So, with markets lapping this up, there is a growing sense that all of this euro strength could be more than a little artificial and that the economic establishment has suddenly become appallingly complacent and sympathetic. Perhaps markets are simply sick and tired of the debt crisis, but in the same way that sentiment may have become way too negative at the height of the crisis, it does seem that to some extent markets have concocted a largely imaginary recovery.
In reality, there is no reason that sentiment should have shifted as we have not seen any fundamental reforms. Economic data is still very grim, and the entire monetary union is almost certainly still in recession. Youth unemployment in Spain stands at a staggering 55.13% so it is no wonder that their economy contracted by 0.7% in the fourth quarter of last year. A French Labour Minister, who must have missed the “talk up the euro” memo, let on to the fact that “France is totally bankrupt”. Even the German economy, which, whilst still showing some signs of life, was battered into recession again, contracting 0.5% in the fourth quarter.
Are we finally about to see a shift in the USD?
The dollar has certainly had a mixed start to 2013, in part down, to distortions from the “Fiscal Cliff” but also because there are suggestions that the way the dollar reacts to certain US data could be about to change. As such, it is currently trading at a 14-month low against the euro, but a 5-month high versus Sterling, and for once its pricing is largely influenced by the value of its counter-parts.
By managing to successfully resolve half of the Fiscal Cliff at the eleventh hour (and kick the other half just about far enough down the road), it appears that the whole “risk-on/risk-off” regime which has dominated market thinking (and the dollar’s value) since the credit crisis appears to be unwinding. Over the past few years, strong US data has generally hurt the dollar - the premise being that the Federal Reserve will keep interest rates on hold forever, at rates close to zero thereby squeezing yield hungry investors out of US markets and into foreign currencies.
The reason we are seeing this shift is because the Federal Reserve, in response to an improving US economy, is slowly coming round to the idea of unwinding its extensive QE3 policy. This is by no means a guarantee, but the very fact that it is at least being openly discussed is significant, prompting some to speculate that we could see a move perhaps even as early as this year. With this rational in mind, we could potentially see the risk associated mantra come to an end, which, in theory, will mean stronger US data once again being dollar supportive.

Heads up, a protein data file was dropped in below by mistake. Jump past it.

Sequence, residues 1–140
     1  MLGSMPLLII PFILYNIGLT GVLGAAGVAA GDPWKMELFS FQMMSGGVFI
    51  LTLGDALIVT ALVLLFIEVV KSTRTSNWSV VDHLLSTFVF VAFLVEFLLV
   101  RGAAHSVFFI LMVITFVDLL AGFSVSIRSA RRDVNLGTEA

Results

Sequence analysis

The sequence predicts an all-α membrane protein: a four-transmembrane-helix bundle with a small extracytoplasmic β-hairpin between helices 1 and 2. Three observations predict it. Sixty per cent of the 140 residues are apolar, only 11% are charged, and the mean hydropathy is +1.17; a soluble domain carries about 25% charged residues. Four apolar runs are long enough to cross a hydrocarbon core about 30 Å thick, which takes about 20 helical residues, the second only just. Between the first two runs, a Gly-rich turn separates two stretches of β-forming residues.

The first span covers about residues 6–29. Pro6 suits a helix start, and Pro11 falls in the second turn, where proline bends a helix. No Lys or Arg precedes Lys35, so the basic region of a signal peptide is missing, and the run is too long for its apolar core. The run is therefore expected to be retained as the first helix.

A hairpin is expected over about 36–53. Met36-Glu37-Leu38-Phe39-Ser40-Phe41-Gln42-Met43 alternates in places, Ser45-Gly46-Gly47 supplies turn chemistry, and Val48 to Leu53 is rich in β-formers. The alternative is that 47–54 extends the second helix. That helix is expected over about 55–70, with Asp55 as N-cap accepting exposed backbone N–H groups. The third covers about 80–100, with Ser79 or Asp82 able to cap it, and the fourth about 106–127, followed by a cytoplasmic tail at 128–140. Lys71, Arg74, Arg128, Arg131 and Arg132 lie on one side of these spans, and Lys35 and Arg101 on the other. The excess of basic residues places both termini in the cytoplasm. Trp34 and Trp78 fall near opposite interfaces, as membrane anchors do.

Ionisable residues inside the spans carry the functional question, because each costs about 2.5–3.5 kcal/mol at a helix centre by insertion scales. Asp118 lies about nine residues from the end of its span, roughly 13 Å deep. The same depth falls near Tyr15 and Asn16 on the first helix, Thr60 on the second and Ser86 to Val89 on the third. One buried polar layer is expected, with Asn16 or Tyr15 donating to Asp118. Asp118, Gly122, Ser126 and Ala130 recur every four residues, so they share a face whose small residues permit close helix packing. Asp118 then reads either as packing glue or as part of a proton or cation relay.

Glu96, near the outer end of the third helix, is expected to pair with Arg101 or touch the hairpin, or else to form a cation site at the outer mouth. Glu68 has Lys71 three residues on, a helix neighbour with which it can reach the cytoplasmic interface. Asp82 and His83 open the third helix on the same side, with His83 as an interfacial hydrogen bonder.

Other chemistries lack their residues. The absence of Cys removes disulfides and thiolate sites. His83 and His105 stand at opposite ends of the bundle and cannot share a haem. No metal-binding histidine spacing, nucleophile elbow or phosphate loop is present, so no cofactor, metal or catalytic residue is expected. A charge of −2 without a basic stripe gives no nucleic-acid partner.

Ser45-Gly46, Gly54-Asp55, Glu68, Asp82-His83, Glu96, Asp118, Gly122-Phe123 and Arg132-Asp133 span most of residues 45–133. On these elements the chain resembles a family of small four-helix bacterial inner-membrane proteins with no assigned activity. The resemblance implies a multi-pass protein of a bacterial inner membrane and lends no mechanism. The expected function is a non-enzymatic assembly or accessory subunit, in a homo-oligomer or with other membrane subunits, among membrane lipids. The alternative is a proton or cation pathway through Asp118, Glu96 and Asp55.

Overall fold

The US economy, now with its warring politicians out of the limelight, is actually performing relatively well. Wall Street is roaring once again as companies defy gloomy markets, consumers are spending, and unemployment is slowly being tackled, prompting the Fed to expect moderate growth this year.
We did have a bit of a shock when GDP data came in disappointingly below expectations, revealing a 0.1% contraction, especially as the world’s largest economy shrink for the first time since the end of the recession. A closer look at the data however does suggest it needn’t be panic stations; it was a case of growth stalling at the end of 2012 rather than the beginning of another recession. The question really is, can it continue?
What lies ahead for GBP?
The threats to Sterling over the next few months are fairly self-evident.
The most immediate concern will revolve around growth. With the horrific GDP figure from the last quarter of 2012 now behind us, we can at least take solitude in the fact that it is at least out in the open. We will now, however, face on-going speculation that the UK economy will enter a triple-dip recession and the rebound that was anticipated in the first quarter of 2013 (continuing the economies zigzag pattern) could very well have been squashed by the snow.
With the Chancellors plans in tatters, it genuinely could be a matter of weeks before the UK is stripped of its triple-A credit rating. The plan that we had been promised, and that markets have believed in, has simply fallen apart, and it is understandable that faith has been lost. If this were to transpire, this really could be the final nail in the coffin, as if one major rating agency downgrades the rest will soon follow.